In 1816 he traveled by carriage to Saint Petersburg and reported on the landscape and the social and cultural life in the north German and Baltic ports, a few years after Napoleon Bonaparte was defeated and distant travel once again became possible. After the sudden death of his father Gerrit de Clercq, he came to lead the family business in 1817. De Clercq married Caroline Boissevain (1799-1879) in 1817, and they had several children, including Gerrit de Clercq, later known as an editor of De Gids. During the grain crisis around 1820 the family firm got into a deep crisis, from which she never fully recovered her former peak position.
Around that time, De Clercq came into contact with the till the Jewish convert Isaäc da Costa and a profound friendship grew up between them, with De Clercq converting to orthodox calvinism under Da Costa's influence. Together with Willem Bilderdijk, Abraham Capadose, Guillaume Groen van Prinsterer, Samuel Iperusz Wiselius and others, they became the leaders of the Réveil.
When in 1824 the NHM was set up De Clercq left the failing family business to become secretary of the NHM. For that reason he established himself in the Hague. There he began attending the Reformed-Walloon churches. When the NHM in 1831 transferred to Amsterdam, he officially went over from Mennonitism to the Walloon Reformed Municipality, choosing out of conviction infant baptism over adult baptism.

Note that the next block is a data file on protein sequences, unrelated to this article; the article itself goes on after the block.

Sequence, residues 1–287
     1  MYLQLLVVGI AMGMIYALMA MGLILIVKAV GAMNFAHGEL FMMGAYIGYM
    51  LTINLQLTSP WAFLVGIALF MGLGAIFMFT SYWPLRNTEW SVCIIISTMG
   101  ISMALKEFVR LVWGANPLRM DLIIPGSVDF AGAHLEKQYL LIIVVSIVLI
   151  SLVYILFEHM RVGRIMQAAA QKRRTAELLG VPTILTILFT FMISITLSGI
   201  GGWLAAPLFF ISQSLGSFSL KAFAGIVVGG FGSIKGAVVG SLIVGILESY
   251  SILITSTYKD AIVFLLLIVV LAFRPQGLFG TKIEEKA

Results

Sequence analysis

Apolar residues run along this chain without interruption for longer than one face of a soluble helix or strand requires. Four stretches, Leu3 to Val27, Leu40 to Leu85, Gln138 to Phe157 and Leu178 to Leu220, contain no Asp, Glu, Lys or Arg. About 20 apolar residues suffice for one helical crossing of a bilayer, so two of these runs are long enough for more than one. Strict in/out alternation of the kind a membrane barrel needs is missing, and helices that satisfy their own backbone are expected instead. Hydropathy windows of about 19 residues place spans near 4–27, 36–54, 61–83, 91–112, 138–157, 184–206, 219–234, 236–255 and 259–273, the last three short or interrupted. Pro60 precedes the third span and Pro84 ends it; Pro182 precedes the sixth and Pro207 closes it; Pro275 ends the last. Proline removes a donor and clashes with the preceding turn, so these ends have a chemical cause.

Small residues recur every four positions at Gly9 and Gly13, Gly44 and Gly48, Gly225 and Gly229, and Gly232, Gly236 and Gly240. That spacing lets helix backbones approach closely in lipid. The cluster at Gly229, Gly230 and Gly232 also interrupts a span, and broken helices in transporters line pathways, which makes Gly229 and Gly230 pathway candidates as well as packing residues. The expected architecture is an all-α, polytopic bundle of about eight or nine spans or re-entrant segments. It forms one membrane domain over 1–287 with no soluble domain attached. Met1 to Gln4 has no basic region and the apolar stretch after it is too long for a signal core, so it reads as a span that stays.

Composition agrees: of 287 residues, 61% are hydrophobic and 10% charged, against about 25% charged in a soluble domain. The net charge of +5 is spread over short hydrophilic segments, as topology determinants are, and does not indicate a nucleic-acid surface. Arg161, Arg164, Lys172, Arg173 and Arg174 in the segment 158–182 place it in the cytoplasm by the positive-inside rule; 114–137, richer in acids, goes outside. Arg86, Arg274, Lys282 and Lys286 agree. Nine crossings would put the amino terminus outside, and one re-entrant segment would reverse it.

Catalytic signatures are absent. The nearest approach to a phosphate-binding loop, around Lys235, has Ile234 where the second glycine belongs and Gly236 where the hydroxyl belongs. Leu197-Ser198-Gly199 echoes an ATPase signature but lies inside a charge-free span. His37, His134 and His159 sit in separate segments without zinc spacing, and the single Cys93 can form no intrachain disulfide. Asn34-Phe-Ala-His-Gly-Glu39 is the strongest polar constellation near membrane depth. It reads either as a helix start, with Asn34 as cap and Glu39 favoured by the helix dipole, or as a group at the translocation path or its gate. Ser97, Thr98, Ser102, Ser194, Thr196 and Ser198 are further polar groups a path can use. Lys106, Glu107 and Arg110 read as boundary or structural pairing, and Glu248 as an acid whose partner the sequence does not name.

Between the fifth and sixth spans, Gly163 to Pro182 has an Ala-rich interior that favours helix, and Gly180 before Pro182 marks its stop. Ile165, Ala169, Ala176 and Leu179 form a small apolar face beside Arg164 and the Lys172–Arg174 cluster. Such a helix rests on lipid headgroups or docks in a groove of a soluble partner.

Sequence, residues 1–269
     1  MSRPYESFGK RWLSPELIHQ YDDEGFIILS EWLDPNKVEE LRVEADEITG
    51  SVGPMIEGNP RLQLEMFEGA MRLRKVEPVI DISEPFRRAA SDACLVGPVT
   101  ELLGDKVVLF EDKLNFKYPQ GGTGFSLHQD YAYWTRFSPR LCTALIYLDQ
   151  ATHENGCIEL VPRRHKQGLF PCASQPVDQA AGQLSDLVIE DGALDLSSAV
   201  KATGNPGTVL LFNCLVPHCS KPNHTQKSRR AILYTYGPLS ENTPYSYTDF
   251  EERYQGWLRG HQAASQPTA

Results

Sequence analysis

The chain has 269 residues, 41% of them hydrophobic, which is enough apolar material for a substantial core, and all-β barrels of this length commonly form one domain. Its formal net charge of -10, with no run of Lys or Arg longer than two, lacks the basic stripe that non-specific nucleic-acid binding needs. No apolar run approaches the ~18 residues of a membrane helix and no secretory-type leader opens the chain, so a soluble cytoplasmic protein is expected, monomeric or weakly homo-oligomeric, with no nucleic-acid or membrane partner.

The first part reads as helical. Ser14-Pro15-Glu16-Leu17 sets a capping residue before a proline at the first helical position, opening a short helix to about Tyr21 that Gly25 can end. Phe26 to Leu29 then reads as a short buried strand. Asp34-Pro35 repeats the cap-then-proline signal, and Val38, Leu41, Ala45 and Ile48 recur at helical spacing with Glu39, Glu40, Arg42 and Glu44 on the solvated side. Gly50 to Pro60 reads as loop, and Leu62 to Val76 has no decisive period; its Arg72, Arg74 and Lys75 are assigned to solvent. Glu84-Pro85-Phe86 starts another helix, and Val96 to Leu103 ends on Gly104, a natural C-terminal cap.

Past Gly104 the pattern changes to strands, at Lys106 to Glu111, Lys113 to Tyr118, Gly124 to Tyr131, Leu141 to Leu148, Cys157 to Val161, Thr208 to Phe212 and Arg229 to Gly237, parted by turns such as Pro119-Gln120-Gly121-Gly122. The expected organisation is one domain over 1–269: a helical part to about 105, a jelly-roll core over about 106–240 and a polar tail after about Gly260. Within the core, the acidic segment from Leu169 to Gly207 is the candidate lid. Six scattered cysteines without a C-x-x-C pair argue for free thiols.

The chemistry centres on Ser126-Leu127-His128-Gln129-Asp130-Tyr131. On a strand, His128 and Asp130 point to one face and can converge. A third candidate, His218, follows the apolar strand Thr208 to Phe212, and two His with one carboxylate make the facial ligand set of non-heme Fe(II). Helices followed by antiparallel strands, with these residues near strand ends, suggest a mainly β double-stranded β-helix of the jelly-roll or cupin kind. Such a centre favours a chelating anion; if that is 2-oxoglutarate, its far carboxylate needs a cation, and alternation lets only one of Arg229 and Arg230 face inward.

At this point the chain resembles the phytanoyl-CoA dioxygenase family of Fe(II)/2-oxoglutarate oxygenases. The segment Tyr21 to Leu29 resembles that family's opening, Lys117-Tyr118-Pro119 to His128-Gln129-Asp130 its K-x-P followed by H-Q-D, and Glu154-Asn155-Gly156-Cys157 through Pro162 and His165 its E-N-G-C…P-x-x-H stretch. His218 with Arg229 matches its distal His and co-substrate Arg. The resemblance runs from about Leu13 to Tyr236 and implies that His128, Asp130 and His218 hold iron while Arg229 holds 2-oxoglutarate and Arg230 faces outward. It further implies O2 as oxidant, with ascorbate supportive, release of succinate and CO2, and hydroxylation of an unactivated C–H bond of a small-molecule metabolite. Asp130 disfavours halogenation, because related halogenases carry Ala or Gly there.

As a manager of the NHM, he had much influence on the arising textile industry in Twente. He was influenced by Thomas Ainsworth, involved in the setting up of the industry in the town of Nijverdal. He wanted to act out his beliefs in his work, for instance wanting to employ small-scale industry rather than large factories, because he found that factories were harmful for the clergyman state of the workers. Furthermore he was a supporter of the NHM dividing her orders proportionally over as many producers as possible so as to get the work done for the lowest price.
In his last years De Clercq placed his views further from those of Da Costa and came more and more under the influence of Hermann Friedrich Kohlbrugge. As a result he withdrew more and more from social and cultural life, opting for denying the world as opposed to Da Costa's active involvement in city life. De Clercq passed away suddenly, after months in which he made more depressed impression in town. Some historians blame Kohlbrugge's dominating views for De Clercq's death, whilst others lay the blame on De Clercq's own idealistic and emotional character.
As a poet De Clercq was especially well known for improvisation, able to speak a poem, without preparation, at only a minute's notice. In Amsterdam a street is named after him, as also in different Twentse places.